the general contractor should make payment to each subcontractor in the same manner (see D. the general contractor and each subcontractor should be preparing the paperwork necessary to complete the closeout. 3./Associated Specialty Contractors. its architect/engineer and/or their consultants as contractually required. The general contractor’s authorized project representative should be present during the inspection process along with the project representative(s) of the subcontractor(s) whose work is being inspected. • Finish details: Visual inspection. Copyright © 2003. Upon achieving substantial completion of the work or designated portion. 2. warranties. This documentation should include as-built drawings. in such substantially complete portions of the work as part of the warranty punch list.k Retainage). 1. • Perform a prompt and thorough substantial completion inspection and prepare a punch list of all detected omissions and deficiencies of the designated portion of the project. The general contractor should expedite performance of such work by the appropriate party. the general contractor’s and subcontractor’s authorized project representatives should prepare a list of items requiring correction or completion. Upon receipt of such payment. Upon receipt of the substantial completion punch list.
. At substantial completion. if any. the general contractor should request release of final payment. lien releases. These items should be pursued through the appropriate project processes and resolved quickly in order not to impede the overall completion and closeout of the project. After a subcontractor considers its work completed and before its workers leave the project. architect/engineer. • Include subsequently detected omissions and deficiencies. Inc.5.a Guideline on Project Closeout
The general contractor and subcontractors should cooperate in accomplishing the following objectives: • Assure the owner and architect/engineer representatives that all work on the project will be completed in a timely manner and at a level of quality in accordance with the contract documents. its architect/engineer and their consultants to: • Communicate any known issues throughout the life of the project to the general contractor and subcontractors to allow early agreement and correction.3.D. 6. The subcontractor promptly should satisfy such requirements and arrange for any contractually required tests. The goal should be to create the shortest possible punch list upon final inspection. subcontractors. The Associated General Contractors of America/American Subcontractors Association. 5. the general contractor should verify that each subcontractor’s work is substantially complete and then request a prompt substantial completion inspection by the owner. etc. No party should ask for a substantial completion inspection and punch list until the designated portion of the work has in fact reached substantial completion. and the owner. These items should be highlighted during the punch list process and the project’s clarification process should be used to document and formally resolve these items. especially of detailed finish work can uncover the need for additional clarification between the general contractor. less withholding sufficient to complete the punch list of omissions and deficiencies. • Prevent multiple punch lists by encouraging the owner. Punch lists may contain items that fall into two categories that are difficult to resolve in a timely manner: • Scope issues: The punch list process may uncover incomplete work scope that has not been contracted to any subcontractor. The general contractor promptly should establish a schedule for correction and completion of punch list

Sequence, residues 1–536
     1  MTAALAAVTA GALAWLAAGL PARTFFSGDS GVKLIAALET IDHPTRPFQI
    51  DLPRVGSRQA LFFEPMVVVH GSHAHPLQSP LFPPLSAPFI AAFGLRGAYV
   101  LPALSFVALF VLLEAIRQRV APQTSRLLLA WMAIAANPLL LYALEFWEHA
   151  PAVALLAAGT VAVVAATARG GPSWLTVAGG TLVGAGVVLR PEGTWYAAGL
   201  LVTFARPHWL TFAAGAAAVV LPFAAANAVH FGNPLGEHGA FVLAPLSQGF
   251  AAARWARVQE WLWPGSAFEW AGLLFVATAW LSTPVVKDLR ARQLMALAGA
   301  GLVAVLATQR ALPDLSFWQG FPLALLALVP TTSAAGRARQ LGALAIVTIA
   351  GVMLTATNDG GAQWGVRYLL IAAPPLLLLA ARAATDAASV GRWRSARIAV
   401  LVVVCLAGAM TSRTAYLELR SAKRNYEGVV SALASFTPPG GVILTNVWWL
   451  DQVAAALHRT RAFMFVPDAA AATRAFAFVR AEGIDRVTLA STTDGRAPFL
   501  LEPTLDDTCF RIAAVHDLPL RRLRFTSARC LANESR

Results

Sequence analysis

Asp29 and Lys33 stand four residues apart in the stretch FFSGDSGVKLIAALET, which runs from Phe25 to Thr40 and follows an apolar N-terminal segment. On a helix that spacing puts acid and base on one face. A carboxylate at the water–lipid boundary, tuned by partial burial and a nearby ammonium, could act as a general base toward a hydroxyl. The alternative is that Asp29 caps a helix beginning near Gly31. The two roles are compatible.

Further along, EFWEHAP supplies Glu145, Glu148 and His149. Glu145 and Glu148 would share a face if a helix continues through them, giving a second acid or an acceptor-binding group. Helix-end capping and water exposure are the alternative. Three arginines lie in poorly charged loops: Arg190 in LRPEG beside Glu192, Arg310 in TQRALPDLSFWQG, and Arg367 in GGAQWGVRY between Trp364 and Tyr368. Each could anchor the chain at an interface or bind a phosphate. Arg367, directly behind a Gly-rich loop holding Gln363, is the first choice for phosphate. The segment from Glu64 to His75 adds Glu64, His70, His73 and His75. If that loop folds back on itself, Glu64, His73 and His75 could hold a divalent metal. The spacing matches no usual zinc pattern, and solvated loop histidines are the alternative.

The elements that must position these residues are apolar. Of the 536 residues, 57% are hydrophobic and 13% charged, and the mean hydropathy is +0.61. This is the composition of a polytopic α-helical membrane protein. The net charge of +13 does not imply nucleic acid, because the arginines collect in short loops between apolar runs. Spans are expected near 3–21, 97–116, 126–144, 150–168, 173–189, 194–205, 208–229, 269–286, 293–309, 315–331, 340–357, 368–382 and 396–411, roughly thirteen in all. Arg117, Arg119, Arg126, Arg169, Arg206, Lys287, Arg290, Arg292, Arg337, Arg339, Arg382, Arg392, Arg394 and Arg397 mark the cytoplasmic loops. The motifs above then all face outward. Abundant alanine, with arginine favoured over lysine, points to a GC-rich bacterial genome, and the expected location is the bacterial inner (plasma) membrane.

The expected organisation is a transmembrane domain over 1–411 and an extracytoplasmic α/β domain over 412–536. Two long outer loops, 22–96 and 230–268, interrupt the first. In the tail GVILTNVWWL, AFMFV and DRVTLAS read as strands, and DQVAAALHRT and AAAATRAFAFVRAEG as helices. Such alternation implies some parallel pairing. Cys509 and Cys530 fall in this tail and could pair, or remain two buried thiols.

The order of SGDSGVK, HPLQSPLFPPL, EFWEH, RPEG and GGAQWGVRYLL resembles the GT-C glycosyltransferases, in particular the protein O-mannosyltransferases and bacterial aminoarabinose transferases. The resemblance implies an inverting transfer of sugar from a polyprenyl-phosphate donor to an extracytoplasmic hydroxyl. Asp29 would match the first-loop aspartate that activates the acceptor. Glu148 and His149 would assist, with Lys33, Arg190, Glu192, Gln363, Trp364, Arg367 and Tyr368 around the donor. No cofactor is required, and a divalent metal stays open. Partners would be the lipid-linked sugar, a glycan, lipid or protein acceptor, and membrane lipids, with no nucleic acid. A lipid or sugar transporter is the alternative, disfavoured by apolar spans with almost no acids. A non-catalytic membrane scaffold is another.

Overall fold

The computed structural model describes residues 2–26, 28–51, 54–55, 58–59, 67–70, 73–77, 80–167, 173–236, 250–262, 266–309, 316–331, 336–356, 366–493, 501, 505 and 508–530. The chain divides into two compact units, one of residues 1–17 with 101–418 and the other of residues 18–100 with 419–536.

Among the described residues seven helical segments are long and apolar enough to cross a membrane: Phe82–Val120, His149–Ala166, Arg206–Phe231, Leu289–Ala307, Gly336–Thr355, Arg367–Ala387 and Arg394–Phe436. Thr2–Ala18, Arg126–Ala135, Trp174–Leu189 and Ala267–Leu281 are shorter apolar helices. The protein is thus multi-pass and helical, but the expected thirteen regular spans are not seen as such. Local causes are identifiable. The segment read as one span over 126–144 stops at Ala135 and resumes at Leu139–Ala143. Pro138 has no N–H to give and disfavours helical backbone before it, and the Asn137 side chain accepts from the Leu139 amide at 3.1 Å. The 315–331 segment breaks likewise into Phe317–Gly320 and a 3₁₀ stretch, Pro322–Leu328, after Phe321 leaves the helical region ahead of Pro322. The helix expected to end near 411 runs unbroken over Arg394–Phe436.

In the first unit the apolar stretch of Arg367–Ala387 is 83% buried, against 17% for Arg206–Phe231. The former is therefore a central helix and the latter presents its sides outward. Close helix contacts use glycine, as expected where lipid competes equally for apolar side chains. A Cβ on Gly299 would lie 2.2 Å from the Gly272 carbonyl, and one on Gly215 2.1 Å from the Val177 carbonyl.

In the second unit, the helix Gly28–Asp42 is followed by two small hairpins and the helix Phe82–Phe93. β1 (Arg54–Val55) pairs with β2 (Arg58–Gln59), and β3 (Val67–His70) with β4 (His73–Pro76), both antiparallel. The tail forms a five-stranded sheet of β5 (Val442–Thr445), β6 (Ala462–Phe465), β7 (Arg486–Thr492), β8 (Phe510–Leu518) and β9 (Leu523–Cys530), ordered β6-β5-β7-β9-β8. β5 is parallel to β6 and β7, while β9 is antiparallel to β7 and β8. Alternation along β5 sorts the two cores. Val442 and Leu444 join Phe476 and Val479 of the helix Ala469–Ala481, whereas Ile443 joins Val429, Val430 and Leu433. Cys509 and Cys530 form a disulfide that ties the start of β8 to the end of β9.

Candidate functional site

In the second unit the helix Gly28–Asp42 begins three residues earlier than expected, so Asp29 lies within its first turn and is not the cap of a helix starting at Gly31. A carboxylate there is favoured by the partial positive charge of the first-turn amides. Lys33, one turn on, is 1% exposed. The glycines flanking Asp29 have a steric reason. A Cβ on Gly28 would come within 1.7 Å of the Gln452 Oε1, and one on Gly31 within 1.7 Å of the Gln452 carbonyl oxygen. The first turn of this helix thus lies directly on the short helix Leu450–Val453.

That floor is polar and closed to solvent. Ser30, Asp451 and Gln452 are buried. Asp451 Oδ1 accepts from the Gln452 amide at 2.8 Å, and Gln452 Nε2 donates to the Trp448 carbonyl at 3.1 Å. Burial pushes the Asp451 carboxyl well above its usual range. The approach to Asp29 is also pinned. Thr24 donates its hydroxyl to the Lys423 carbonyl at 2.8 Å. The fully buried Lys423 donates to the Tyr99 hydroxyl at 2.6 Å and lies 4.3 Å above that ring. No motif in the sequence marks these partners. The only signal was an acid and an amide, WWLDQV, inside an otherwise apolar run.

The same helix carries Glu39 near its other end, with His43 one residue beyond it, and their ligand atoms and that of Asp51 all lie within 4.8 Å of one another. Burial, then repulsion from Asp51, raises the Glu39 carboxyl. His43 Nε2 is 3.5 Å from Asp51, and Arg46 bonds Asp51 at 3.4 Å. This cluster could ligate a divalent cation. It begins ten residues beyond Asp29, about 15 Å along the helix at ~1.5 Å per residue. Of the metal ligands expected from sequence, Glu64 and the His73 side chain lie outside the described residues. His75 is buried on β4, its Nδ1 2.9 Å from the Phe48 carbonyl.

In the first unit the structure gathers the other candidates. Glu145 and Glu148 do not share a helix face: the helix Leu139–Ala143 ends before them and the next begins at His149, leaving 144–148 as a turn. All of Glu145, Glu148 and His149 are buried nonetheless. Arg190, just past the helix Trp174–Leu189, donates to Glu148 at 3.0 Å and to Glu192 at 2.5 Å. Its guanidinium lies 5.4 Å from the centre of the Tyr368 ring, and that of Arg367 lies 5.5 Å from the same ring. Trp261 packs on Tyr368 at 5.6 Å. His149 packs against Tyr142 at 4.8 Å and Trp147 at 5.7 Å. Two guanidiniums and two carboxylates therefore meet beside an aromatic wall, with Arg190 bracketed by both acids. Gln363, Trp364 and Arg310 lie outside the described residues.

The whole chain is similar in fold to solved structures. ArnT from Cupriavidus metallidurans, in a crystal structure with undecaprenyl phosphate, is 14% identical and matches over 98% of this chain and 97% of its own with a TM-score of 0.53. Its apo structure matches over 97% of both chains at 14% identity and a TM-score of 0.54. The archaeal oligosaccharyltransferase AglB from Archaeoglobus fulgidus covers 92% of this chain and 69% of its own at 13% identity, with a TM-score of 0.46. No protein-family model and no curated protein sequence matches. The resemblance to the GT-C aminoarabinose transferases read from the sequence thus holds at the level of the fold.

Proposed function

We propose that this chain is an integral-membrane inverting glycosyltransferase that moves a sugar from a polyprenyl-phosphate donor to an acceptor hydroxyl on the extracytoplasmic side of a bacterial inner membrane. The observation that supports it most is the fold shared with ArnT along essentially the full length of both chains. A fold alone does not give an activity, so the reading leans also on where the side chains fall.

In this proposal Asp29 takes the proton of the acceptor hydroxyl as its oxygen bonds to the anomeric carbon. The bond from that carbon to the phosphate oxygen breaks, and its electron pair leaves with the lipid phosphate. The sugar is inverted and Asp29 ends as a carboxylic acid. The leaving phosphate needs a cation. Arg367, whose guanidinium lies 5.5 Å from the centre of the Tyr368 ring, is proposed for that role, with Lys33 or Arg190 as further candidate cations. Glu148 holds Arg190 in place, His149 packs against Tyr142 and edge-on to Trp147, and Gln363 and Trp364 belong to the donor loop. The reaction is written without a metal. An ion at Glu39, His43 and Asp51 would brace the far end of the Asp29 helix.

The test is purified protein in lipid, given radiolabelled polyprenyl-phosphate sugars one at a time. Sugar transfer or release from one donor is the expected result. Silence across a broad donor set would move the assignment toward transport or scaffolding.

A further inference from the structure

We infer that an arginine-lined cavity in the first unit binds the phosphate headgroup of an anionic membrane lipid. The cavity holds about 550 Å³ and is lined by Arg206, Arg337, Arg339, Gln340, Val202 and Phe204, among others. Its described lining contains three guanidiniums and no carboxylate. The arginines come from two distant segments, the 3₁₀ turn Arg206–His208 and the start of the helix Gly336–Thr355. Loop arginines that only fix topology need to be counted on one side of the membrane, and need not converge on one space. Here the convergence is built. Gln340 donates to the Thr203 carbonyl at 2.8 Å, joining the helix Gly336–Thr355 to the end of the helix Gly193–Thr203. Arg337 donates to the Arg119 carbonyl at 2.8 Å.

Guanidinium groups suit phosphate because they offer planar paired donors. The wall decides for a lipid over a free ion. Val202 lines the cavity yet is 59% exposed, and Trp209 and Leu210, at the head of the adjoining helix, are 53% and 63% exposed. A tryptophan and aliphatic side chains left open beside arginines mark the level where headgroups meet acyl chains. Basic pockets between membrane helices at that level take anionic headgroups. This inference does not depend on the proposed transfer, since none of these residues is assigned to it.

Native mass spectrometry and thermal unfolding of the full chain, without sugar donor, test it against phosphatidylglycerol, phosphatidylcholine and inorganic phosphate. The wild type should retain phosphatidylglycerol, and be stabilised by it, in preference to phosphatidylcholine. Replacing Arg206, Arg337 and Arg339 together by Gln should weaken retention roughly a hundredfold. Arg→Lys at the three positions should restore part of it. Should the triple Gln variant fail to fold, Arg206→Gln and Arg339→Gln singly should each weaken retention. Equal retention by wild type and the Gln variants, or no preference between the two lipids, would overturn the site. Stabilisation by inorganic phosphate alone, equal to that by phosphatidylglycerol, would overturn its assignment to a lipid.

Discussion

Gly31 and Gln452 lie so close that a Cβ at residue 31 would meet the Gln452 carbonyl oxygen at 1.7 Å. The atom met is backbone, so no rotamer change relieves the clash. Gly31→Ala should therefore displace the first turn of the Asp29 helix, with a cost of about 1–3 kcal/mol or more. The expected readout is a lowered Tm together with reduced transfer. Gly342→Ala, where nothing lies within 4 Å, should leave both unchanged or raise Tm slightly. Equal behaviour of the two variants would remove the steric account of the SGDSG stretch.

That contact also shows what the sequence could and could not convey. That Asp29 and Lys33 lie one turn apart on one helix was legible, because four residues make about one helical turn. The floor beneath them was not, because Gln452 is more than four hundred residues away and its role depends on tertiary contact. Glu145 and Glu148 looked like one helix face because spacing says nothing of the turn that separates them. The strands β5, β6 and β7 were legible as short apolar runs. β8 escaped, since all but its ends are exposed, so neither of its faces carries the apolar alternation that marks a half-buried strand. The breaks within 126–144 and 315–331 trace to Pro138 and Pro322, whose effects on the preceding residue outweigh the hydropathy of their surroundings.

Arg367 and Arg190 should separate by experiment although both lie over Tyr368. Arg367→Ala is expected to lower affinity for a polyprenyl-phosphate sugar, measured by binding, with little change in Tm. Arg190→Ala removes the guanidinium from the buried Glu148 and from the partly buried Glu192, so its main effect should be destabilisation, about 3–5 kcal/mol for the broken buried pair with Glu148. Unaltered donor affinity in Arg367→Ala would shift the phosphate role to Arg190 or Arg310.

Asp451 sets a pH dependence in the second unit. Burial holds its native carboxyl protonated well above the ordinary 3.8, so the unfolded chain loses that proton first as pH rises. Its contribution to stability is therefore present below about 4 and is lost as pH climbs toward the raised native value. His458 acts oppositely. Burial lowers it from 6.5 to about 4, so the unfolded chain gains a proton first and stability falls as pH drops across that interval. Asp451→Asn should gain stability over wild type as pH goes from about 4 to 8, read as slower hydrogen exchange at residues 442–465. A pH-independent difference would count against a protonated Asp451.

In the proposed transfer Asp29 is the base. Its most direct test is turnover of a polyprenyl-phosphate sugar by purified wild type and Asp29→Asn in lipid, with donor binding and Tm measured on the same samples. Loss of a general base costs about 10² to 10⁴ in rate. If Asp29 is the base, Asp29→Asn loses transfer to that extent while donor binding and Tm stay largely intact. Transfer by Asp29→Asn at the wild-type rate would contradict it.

Guidelines for a Successful Construction Project. including retainage. • Provide the subcontractors a positive incentive to complete their work properly on or ahead of time by providing prompt and proper payment for work satisfactorily performed. 7. • Cause the owner to provide the general contractor a positive incentive to complete the work properly on or ahead of time by prompt and proper payment for work satisfactorily performed. operation and maintenance manuals. 4.
with the exception of any excusably delayed items. Final inspection should determine only the satisfactory correction of the previously documented substantial completion punch list items. Upon satisfaction that all omissions and deficiencies of the punch list have been completed. seeking an early resolution. The Associated General Contractors of America/American Subcontractors Association. Punch List Procedures for other recommendations).a Guideline on Project Closeout
items in a way that will minimize interference among trades. the general contractor should seek from the owner release of claim and final payment for that portion of the project performed by a single subcontractor and approved by the owner as satisfactorily complete (see D./Associated Specialty Contractors. and the final payment conditions. Inc. Copyright © 2003. The general contractor and each subcontractor should immediately correct and complete all other items on the punch list. 8. recognizing that failure to do so will delay payment to all parties. Disputes as to contractual requirements of any punch list omission or deficiency should be reported immediately in writing to the owner and/or architect/engineer as appropriate.